Precise Formaldehyde Sensing & Destruction
In addition to the existing particle, NO2, VOCs, temperature and humidity sensors, the integration of an intelligent formaldehyde sensor ensures precise sensing of the pollutant for the lifetime of the machine. Formaldehyde is a colorless gas pollutant, released by furniture and wooden products which use formaldehyde-based resins and commonly associated with new or refurbished spaces. Formaldehyde is 500 times smaller than 0.1 microns, which makes it particularly difficult to capture but leads to long-term exposure if left undetected due to off-gassing.
Formaldehyde sensors can be gel-based and may deteriorate gradually as they dry out over time. Using a solid electro-chemical cell, the Dyson formaldehyde sensor does not dry out and its unique intelligent algorithm cross-checks data every second, selectively sensing to avoid confusion with other VOCs.
Dyson’s Selective Catalytic Oxidisation (SCO) filter continuously destroys formaldehyde at a molecular level. The catalytic filter has a unique coating, with the same structure as the Cryptomelane mineral. Its billions of atom-sized tunnels are the optimal size and shape to trap and destroy formaldehyde, breaking it down into tiny amounts of water and CO2 . It then regenerates from oxygen in the air to keep destroying it continuously without ever requiring replacement.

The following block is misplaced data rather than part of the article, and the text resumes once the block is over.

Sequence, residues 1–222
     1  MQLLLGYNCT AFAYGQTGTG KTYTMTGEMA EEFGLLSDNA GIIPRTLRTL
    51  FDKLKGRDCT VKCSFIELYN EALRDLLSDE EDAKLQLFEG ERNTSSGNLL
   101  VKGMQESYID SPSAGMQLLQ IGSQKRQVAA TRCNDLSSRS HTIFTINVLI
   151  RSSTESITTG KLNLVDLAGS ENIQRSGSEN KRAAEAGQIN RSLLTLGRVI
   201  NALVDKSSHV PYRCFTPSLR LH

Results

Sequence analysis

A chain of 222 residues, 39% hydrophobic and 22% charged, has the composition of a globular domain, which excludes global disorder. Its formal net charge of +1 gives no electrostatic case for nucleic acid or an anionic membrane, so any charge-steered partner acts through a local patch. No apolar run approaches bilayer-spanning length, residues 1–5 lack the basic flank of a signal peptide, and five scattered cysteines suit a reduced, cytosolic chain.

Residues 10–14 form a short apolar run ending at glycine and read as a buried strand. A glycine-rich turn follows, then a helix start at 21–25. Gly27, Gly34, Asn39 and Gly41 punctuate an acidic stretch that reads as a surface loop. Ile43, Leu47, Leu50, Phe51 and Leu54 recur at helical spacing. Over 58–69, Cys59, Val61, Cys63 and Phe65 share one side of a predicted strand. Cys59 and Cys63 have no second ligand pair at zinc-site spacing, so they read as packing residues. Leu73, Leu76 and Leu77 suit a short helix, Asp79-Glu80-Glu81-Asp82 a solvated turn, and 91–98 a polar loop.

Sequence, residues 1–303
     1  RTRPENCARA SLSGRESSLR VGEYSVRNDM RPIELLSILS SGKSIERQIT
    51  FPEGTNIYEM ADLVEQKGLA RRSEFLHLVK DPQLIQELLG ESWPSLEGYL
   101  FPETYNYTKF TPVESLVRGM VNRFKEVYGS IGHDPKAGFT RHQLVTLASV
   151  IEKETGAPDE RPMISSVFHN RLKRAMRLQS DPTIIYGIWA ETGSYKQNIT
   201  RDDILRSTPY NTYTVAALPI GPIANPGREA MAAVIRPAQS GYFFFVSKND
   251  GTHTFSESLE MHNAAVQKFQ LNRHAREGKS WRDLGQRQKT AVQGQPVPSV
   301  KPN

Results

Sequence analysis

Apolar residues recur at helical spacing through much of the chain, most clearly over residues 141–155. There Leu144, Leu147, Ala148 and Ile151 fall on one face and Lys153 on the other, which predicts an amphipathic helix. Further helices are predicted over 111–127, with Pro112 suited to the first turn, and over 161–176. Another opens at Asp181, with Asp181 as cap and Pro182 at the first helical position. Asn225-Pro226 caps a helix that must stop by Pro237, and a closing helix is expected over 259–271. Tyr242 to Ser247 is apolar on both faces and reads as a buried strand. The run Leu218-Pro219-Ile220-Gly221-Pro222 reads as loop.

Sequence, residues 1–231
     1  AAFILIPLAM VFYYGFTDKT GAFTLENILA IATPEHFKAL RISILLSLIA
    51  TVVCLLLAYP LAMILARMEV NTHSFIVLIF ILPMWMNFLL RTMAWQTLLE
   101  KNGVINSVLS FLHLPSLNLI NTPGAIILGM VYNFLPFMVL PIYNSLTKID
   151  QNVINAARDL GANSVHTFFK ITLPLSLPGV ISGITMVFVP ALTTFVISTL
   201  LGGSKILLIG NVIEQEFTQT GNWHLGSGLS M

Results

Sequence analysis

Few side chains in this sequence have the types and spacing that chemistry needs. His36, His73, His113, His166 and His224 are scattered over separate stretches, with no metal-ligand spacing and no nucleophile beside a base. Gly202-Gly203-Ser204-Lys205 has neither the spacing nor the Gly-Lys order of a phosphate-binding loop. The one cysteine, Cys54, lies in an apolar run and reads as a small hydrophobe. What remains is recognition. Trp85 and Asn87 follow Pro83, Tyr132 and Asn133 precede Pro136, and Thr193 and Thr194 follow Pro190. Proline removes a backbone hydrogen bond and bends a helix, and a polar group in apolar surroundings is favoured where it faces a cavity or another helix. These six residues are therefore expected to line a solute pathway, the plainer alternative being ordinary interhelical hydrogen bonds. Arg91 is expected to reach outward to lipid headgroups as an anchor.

Acoustically Engineered to Be 20 Percent Quieter
Dyson engineers increased efforts to further reduce the sound output of the Dyson HEPA Cool Formaldehyde while maintaining purification performance. Through an iterative design, test, build process, the machine was re-engineered to be 20 percent quieter. To achieve this noise reduction, Dyson engineers refined the overall airflow path by widening the aperture (slot in which the air exits the machine) and its geometry was improved. This reduced the amount of friction between the air and surface of the machine, resulting in less sound.
Air Multiplier Technology
Using Dyson Air Multiplier Technology, the machine can project purified air to every corner of the room. Auto mode enables the machine to maintain a preferred room temperature and air quality levels, while the Dyson Link App and voice control activation help avoid touchpoints and possible contamination.
Engineered for Real Indoor Environments
Dyson Purifier machines are engineered for real indoor environments. The industry standard for testing air purifiers measures performance using a laboratory test conducted in a compact chamber 12m² in size, with a ceiling fan to circulate the air and one sensor inside the room measuring air quality. This test is used to determine a purifier’s clean air delivery rate (CADR). The CADR metric is a measurement of speed in an unrealistic setting. For more representative testing, Dyson’s POLAR test is based on a larger room size of 27m² with no added fan and uses eight sensors in the corners of the room and one sensor in the center to collect air quality data. This type of testing is particularly crucial to test how a purifier will perform in public spaces as they are usually more open, larger spaces. Having a product that does not rely on external factors to circulate purified air around a space is a must. To learn more about purifier testing, please visit the Dyson Newsroom.